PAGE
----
Mountain Biking - Tips for the new MTBer, please
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09-03-12, 09:05 PM
Today was my first time out on the mountain bike trail and I thought it was great. I'm very glad I went with a mid-level bike instead of an entry level bike. But I was hoping some of you experienced riders could give me some tips for the next time I go out. I'm riding a Fuji Tahoe 3.0, it's a hard tail with 26" wheels. My disc brakes are brand new so their not burnished yet, every time I had to use the rear brake it squeaked like crazy and the front still locks up very easily so I'm extra careful with the front. At one point during my ride my derailleur hanger picked up a stick, I was just at the end of the switchback, going up hill, when I stopped and pulled it out. It was kind of a mistake, but I also had this problem later on, too. When I tried to start peddling again it was really difficult to get going because the bike was in such a low gear the front wanted to wheelie because I was going up hill. Would it be better to drop a few gears and just exert the energy needed to get going again or is there a good way to start back up in this situation? Also, if anyone could give some tips on keeping control of speed while going downhill that would be very appreciated. Is it okay to skid the back wheel on the trail or is it not recommended?
09-03-12, 10:08 PM
Here are some tips. And if you wanna get better keep riding. There is nothing like good old saddle time.
09-04-12, 05:26 AM
Some good links:
* Awesome source of help on technique: http://www.leelikesbikes.com/
* Follow the "Skills Articles" link on this page for even more goodness: http://betterride.net/
Speed control on downhill: Learn to use your front brake. Every good biker uses it. Practice on some easy ground. Take your weight on your feet. Shift your butt backwards. Brace arms against the handlebar. Press the brake lever. Practice slowly on some easy and level ground at first. Amp up the difficulty as you get comfortable. After a while you'll become good enough to modulate braking pressure to compensate for bumps, rocks, and roots in the trail.
Skidding is considered bad form by some. It can lead to erosion and braking bumps.
Getting started on a hill can be difficult. Getting your weight distribution right is a big part of the solution. And for that...
...read up on the so-called Attack Position. For example:
Don't just sit on the seat. (In fact, don't sit on the seat unless resting between attacks). Get into the attack position so you can shift weight around as needed to keep tires planted.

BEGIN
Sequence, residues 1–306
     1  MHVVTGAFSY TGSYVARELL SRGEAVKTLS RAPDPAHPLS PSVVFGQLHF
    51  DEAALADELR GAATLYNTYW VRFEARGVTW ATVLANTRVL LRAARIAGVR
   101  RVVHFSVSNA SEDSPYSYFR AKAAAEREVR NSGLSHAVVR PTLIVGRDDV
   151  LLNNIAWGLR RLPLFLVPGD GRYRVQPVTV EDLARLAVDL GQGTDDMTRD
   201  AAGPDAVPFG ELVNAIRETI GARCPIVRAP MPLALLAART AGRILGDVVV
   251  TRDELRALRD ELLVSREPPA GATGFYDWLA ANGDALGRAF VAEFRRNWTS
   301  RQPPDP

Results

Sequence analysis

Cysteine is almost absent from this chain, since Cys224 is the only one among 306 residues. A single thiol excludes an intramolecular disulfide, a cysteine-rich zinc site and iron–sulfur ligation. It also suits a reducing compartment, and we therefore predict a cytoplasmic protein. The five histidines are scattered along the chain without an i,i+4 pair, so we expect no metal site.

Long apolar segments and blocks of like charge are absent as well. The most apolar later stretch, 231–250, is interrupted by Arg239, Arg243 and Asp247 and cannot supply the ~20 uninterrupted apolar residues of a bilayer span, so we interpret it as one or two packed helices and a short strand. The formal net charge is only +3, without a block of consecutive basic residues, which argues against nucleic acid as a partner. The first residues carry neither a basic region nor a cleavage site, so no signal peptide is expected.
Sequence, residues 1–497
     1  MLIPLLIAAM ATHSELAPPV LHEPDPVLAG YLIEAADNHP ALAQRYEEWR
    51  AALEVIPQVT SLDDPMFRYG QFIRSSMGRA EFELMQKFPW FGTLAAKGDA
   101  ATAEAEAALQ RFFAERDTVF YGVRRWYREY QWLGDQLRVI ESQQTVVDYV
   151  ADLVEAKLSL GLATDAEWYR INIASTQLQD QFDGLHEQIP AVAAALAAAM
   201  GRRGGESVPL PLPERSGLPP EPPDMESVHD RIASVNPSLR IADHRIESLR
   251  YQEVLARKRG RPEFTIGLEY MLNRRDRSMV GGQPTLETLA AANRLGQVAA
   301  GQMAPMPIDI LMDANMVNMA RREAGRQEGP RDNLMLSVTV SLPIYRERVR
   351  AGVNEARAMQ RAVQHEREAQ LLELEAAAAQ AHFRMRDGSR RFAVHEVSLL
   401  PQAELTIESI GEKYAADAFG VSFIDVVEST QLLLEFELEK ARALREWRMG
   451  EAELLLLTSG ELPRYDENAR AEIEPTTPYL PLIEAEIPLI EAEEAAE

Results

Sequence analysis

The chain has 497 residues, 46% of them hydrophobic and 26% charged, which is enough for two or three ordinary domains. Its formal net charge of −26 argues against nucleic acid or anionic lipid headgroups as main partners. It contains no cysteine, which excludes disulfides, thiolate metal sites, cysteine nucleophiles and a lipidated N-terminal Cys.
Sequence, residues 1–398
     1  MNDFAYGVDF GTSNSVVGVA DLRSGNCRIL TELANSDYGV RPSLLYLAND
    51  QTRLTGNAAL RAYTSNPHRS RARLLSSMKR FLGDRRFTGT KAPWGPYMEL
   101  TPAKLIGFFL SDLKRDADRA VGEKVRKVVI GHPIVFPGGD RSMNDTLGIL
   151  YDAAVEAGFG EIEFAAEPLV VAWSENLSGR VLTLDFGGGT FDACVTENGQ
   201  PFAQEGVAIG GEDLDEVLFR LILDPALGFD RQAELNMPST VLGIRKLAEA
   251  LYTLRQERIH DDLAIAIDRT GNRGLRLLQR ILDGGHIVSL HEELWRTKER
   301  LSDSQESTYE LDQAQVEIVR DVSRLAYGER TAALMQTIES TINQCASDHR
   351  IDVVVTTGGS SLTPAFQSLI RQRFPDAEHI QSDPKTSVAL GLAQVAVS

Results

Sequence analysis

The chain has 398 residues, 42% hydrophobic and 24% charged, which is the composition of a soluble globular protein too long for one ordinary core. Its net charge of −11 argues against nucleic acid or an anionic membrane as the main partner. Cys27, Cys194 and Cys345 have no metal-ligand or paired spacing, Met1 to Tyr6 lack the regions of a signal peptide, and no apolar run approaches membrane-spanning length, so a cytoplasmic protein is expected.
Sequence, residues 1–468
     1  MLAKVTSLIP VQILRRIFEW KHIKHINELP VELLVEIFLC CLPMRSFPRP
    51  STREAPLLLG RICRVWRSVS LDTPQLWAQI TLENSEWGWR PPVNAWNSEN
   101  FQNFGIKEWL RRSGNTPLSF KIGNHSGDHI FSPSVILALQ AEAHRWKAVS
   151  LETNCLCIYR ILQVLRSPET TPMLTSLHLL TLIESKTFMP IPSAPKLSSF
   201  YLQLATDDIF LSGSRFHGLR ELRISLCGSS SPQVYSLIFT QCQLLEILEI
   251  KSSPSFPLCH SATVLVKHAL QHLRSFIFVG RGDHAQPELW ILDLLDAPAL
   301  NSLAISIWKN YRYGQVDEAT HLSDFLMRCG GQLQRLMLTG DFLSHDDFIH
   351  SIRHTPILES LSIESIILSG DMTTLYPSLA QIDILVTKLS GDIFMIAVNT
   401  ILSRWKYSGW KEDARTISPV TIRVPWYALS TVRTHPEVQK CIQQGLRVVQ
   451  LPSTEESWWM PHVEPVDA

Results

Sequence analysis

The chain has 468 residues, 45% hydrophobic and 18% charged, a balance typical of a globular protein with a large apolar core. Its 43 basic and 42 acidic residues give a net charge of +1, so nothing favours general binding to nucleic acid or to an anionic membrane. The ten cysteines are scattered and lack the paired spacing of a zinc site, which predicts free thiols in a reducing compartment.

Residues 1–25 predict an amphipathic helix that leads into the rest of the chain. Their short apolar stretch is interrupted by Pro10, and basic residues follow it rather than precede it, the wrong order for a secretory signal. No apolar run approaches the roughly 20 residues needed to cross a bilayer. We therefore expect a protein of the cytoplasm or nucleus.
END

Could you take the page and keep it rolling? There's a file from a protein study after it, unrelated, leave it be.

You mentioned derailleur hangers and sticks. Know that bent hangers are the #1 cause of bad shifting that I see. Don't lay your bike on the right-hand side. Get your hanger checked if shifting suddenly goes wonky, especially if it goes wonky after a stick gets jammed in there. Sticks are part of mountain-biking, so don't worry about them. Just know that hangers can get bent, and even a slight bend that you cannot see with your eye can be enough to throw off your shifting. Too many people waste time adjusting everything else when all that's really wrong is their hanger.
Enjoy the bike. My neighbors just bought two Fujis. I believe they also bought Tahoes. Nice-looking bikes.
09-04-12, 06:45 AM
Thank you for the links, I will be doing plenty of reading. And thank you for the suggestions, they're very helpful!
09-04-12, 09:43 AM
You will be surprised how quick your body gets bike get on the same page. The braking will quiet down. I know I hate the school bus sound, it is like a ghost, comes and goes. Once it leaves it usually stays away for a while. What gear to climb in is always a mystery. I would stay in a lower gear and just move your body forward when you start going uphill. You will spin out a few times and then find the sweetspot. When climbing on a more technical area you will have to find out what gears work best. I like the 3rd or 4th cog is I can push it. You get more motion for the pedal stroke, but you can wear out faster. Granny is a good old lady, but sometimes doesn't provide the momentum you need to get moving. Just my ideas. Congrats on the bike and trying the sport, its a blast.
Glad to know that you are reading the links and old threads. I had been riding for @15 years when I found this place. I have picked up a lot of good info. One of my favorites is pushing your front tire into turns on downhills. I had always just kind of glided downhill. Pushing the front knobs into the turn was faster and more secure, just my little tidbit of info.
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